Journal of Gastrointestinal Surgery

, Volume 23, Issue 12, pp 2411–2420 | Cite as

Short- and Long-Term Outcomes After Live-Donor Transplantation with Hyper-Reduced Liver Grafts in Low-Weight Pediatric Recipients

  • Micaela RaicesEmail author
  • Matias Eduardo Czerwonko
  • Victoria Ardiles
  • Gustavo Boldrini
  • Daniel D’Agostino
  • José Marcó del Pont
  • Juan Pekolj
  • Juan Mattera
  • Claudio Brandi
  • Miguel Ciardullo
  • Eduardo de Santibañes
  • Martin de Santibañes
Original Article



To evaluate short- and long-term outcomes after live-donor liver transplantation (LT) with hyper-reduced grafts in low-weight pediatric recipients.

Summary Background Data

LT is an established curative therapy for children with end-stage chronic liver disease or acute liver failure. A major problem in pediatric LT has been the lack of size-matched donor organs. The disadvantage of the use of large-for-size grafts is the insufficient tissue oxygenation and graft compression, which result in poor outcomes. The shortage of suitable donors is most notable in children under 10 kg. To overcome such obstacle, in situ hyper-reduced live-donor liver grafts have been introduced. Available articles in the literature are based on small samples and are deficient in long-term follow-up.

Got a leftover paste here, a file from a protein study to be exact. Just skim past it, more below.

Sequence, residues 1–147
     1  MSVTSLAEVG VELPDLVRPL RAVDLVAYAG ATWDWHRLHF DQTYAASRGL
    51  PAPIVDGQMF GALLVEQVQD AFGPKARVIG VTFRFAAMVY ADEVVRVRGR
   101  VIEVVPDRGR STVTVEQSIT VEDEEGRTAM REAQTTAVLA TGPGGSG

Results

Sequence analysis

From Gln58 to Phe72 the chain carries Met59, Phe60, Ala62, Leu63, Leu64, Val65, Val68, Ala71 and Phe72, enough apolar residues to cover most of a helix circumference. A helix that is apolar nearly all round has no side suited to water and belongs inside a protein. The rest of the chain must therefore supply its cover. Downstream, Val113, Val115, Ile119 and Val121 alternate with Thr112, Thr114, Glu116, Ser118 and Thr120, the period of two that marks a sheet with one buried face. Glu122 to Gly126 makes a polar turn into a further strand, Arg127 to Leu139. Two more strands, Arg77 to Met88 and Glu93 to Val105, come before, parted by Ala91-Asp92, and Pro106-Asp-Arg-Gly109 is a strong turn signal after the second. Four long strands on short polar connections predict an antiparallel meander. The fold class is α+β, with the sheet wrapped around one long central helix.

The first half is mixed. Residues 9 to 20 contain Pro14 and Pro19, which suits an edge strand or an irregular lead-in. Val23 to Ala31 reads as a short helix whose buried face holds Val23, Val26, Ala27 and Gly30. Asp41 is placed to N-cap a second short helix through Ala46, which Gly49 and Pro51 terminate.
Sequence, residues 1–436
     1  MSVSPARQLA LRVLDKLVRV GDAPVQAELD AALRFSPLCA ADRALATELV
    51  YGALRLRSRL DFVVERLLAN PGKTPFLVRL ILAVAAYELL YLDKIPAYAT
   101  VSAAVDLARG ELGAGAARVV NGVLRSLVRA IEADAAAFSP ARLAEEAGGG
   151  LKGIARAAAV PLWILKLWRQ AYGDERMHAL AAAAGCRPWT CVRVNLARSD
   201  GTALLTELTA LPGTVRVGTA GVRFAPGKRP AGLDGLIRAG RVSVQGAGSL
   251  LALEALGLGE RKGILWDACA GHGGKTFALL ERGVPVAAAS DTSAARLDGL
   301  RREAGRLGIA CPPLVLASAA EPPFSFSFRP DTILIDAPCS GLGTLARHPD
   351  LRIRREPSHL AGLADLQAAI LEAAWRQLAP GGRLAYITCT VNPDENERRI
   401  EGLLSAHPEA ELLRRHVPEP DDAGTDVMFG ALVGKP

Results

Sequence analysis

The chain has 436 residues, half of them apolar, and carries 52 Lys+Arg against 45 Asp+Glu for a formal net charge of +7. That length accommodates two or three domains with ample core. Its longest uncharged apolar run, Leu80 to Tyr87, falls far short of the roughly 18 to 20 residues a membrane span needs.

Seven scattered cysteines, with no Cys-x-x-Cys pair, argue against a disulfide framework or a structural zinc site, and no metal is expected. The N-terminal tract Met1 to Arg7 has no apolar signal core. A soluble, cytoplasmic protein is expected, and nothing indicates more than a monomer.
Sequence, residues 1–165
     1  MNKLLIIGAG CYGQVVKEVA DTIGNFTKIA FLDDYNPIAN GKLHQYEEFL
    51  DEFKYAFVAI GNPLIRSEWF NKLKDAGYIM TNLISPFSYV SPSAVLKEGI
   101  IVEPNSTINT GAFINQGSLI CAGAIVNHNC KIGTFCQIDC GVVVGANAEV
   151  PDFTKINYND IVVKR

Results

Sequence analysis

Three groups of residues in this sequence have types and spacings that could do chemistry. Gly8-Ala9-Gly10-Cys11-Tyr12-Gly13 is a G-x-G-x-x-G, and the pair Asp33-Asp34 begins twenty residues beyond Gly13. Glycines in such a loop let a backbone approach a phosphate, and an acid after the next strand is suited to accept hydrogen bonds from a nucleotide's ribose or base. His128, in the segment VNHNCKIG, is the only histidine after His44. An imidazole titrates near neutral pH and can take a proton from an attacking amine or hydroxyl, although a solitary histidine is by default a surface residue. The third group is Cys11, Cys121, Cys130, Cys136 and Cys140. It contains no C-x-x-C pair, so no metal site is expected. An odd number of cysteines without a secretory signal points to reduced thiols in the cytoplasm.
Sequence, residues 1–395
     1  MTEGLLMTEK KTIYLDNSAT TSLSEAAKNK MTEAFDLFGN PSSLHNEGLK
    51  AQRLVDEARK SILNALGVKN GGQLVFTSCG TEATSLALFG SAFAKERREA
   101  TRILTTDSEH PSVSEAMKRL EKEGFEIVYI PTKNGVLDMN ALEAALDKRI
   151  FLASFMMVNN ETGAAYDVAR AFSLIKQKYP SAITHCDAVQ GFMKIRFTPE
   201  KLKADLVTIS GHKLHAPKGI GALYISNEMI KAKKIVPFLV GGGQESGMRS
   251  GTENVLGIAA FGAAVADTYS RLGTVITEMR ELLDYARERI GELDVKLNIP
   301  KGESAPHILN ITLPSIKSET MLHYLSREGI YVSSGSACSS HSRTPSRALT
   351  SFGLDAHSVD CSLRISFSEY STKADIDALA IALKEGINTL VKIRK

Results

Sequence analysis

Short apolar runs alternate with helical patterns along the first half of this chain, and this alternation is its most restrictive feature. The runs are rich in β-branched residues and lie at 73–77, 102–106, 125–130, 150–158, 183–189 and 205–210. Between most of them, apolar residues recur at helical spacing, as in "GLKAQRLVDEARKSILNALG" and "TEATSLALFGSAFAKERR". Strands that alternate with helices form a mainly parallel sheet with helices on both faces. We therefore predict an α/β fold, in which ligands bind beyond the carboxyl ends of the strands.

A single-cohort, retrospective analysis was conducted including 59 pediatric patients under 10 kg who underwent hyper-reduced (in situ “a la carte” left lateral segment reduction) live-donor LT (LDLT) between February 1994 and February 2018.


The most frequent cause of liver failure was biliary atresia (70%). Median recipient weight was 8 kg. Vascular complications were confirmed in 15% of the sample, while 45% presented biliary complications. Median follow-up time was 40.3 months. Ten-year overall survival rate was 74%. Pediatric end-stage liver disease score > 23 was associated with a higher risk of post-operative complications.


LDLT can be undertaken in children with body weight < 10 kg achieving good results in high-volume centers by experienced surgeons.


Liver failure PELD Mortality Graft failure Biliary leak 


Author Contribution

Category 1:

Conception and design of study: MDS, MR, and MEC.

Acquisition of data: MDS, MR, MEC, VA, and GB.

Analysis and/or interpretation of data: MDS, MR, MEC, DD, JMDP, JP, JM, CB, MC, and EDS.

Category 2:

Drafting the manuscript: MDS, MR, and MEC.

Revising the manuscript critically for important intellectual content: MDS, MR, MEC, VA, GB, DD, JMDP, JP, JM, CB, MC, and EDS.

Category 3:

Approval of the version of the manuscript to be published (the names of all authors must be listed): MDS, MR, MEC, VA, GB, DD, JMDP, JP, JM, CB, MC, and EDS.

Compliance with Ethical Standards

Informed consent was obtained from all patients before surgery and the Hospital Italiano Ethics Committee gave ethical approval to perform this study (Protocol No. 3699). The study protocol has been registered on database (identifier NCT03594864).

Supplementary material

11605_2019_4188_MOESM1_ESM.docx (25 kb)
ESM 1 (DOCX 24 kb)


  1. 1.
    Perito ER, Roll G, Dodge JL, et al. Split liver transplantation and pediatric waitlist mortality in the United States: potential for improvement. Transplantation. . Epub ahead of print April 21, 2018. Scholar